Indisputably, the InternetMANA alliance has achieved what it set out to do: shake up NZ’s political landscape and engage and enrage the disaffected (predominantly youth). It’s packed town halls throughout the country and has already encountered a fair share of controversiality. But there is some confusion as to who leads InternetMANA.
Formally, the leader of the InternetMANA Party is Hone Harawira, as set out in the formal agreement between the parties.
But some confusion exists both explicitly and implicitly. For instance, some comments made to myself and others I’ve seen on social networks have noted Laila Harre as InternetMANA Party Leader, mostly due to conflating her role as leader of the Internet Party with InternetMANA leadership. But also because second to Kim Dotcom, Harre has become the face of InternetMANA. An example is the allegations this week wielded against InternetMANA because of the Fuck John Key chant used as a political advertisement for InternetMANA and the burning of the John Key effigy that was alleged to be at least unofficially related to the InternetMANA campaign. It was Harre who fronted the media, not Harawira, the leader who you’d naturally assume to do so.
Further confusion exists with the prominent position of party Visionary Kim Dotcom, who appears at most meetings and has become an integral part of that core leadership machine. Interestingly, the idea of dropping Dotcom as the face of the Internet Party was raised in their ‘policy incubator’ (through Loomio a fabulous idea and tool that I hope other parties pick up on, and that the New Economics Party have used for some time already).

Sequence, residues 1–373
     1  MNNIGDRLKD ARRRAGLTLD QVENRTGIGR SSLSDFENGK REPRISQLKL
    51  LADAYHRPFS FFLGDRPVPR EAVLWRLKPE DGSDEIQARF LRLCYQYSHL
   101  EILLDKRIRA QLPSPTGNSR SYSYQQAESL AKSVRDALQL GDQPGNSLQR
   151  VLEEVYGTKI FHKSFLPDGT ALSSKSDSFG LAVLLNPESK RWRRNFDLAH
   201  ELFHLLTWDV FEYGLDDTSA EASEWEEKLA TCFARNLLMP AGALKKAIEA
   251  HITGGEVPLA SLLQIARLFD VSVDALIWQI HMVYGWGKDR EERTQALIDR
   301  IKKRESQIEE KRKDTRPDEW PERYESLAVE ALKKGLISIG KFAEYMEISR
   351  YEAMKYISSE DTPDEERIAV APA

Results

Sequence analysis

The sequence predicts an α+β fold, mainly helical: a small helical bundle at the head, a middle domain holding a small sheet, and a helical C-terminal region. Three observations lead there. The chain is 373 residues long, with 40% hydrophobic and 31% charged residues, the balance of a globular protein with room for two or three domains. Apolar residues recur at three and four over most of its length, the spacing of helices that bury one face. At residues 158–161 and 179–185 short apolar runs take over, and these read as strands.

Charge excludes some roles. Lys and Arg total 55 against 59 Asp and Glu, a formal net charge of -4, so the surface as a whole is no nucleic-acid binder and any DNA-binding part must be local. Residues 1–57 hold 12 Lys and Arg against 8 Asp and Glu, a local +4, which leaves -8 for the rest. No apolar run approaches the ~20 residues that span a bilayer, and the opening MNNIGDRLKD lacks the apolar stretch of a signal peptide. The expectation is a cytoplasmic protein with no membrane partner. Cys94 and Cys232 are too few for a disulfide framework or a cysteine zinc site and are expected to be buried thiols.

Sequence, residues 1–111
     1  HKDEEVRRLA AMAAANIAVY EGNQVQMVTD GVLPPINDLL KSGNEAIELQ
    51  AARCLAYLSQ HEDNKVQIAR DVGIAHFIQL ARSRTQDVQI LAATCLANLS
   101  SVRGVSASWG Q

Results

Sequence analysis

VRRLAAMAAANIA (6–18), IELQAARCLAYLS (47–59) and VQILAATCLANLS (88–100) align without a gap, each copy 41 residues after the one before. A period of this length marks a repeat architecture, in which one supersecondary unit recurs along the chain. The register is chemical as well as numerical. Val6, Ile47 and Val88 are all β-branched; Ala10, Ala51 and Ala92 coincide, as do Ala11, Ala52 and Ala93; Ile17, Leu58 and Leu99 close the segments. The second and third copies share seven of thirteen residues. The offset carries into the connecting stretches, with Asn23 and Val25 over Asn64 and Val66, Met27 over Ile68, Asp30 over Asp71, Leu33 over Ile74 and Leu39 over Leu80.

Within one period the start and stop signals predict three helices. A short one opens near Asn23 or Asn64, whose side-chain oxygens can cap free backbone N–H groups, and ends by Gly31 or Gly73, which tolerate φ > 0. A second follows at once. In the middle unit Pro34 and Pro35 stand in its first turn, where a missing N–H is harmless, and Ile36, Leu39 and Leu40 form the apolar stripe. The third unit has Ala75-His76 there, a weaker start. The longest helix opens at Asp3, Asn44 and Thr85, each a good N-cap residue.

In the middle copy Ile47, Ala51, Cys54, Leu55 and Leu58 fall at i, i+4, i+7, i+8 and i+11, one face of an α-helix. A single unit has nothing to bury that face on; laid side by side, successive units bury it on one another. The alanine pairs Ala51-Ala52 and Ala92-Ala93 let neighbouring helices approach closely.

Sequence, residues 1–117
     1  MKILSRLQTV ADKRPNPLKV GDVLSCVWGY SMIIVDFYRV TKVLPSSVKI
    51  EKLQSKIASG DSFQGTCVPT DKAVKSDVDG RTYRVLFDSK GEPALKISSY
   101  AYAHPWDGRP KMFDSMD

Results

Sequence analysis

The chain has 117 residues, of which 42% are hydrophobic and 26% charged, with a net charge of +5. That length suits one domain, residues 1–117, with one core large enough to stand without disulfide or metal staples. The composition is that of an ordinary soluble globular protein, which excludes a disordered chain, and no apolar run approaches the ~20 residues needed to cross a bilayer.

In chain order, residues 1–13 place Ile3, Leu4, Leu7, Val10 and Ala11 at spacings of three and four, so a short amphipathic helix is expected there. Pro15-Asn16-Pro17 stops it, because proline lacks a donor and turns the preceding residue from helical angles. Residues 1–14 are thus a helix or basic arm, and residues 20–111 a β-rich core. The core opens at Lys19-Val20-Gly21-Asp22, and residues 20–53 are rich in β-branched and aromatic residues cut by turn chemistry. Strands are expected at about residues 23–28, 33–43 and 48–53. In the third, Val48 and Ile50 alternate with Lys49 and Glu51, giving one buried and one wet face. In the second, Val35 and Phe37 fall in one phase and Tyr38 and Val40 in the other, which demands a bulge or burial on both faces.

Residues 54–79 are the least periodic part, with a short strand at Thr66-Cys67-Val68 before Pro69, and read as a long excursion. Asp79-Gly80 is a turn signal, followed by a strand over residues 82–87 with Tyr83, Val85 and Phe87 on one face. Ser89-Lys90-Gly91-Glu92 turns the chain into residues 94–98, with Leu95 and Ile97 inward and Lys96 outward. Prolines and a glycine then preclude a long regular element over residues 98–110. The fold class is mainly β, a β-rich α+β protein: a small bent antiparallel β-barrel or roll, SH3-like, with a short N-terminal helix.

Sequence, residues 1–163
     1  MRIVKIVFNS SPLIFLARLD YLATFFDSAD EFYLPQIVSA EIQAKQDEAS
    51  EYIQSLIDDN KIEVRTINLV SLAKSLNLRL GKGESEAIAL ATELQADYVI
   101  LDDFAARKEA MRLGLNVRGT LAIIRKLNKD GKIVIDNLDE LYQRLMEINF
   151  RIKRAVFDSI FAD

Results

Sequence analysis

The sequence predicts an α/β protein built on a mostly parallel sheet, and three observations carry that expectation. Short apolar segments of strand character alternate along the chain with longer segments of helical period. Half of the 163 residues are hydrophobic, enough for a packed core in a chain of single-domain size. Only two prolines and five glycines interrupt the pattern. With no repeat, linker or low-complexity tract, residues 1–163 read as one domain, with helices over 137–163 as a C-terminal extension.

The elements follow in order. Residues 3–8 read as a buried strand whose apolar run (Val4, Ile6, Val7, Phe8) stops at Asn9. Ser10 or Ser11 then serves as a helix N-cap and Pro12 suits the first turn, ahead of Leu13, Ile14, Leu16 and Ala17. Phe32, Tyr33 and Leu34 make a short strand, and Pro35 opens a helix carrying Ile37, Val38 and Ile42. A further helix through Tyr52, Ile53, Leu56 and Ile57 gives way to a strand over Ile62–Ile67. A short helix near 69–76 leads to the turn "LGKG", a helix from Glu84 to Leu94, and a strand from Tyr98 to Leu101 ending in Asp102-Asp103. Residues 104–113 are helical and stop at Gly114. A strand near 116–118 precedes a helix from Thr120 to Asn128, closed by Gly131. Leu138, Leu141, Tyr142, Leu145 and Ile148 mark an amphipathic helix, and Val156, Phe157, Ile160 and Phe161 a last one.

It’s unsurprising that some confusion arises, since it is a particularly novel arrangement that can make it difficult to decipher where leadership actually resides.
Only time will tell whether this becomes a sore spot for Harawira, because as Tariana Turia recently relayed on RadioLive, Harawira left the Māori Party due to his desire for leadership which was not forthcoming at the time. Recalling also that when Harre was publicly announced as Internet Party Leader, Harawira interjected that he was still the Leader of InternetMANA.
However, Harawira recently commented that the partnership with Harre and InternetMANA was working well, and that he could foresee it progressing beyond the election. The InternetMANA alliance will be up for re-negotiation 6 weeks post-election, at which time the parties decide if they remain in an alliance or retain their separate identities.
If the alliance remains, there will need to be a decision as to who becomes the leader. This will likely be resolved through a co-leadership arrangement like the Greens and the Māori Party. So where does that leave Annette Sykes?
Sykes was MANA president and has since MANA’s inception operated as Harawira’s second in command. She has and continues to work tirelessly for the party and for her electorate while also holding down her role as Senior Partner at Aurere Law.
Harre was handpicked and plucked from the Green Party policy team, given a role as (unelected) Leader, paid an MP’s salary, given a wardrobe allowance and many InternetMANA public speaking roles. Sykes has taken this backstep in the hierarchy in her stride without a hint of animosity. But if a co-leadership comes up for election, will Sykes contest it? If so, she has been ferocious in her campaign for the Waiariki electorate, only time will tell if she will contest party leadership as fiercely (if or when it becomes an option) or if she’ll be content to remain as Harre’s subordinate.
Update: I’d previously written that Annette Sykes was the current President of MANA. It has been brought to my attention that she was succeeded recently by Lisa McNab.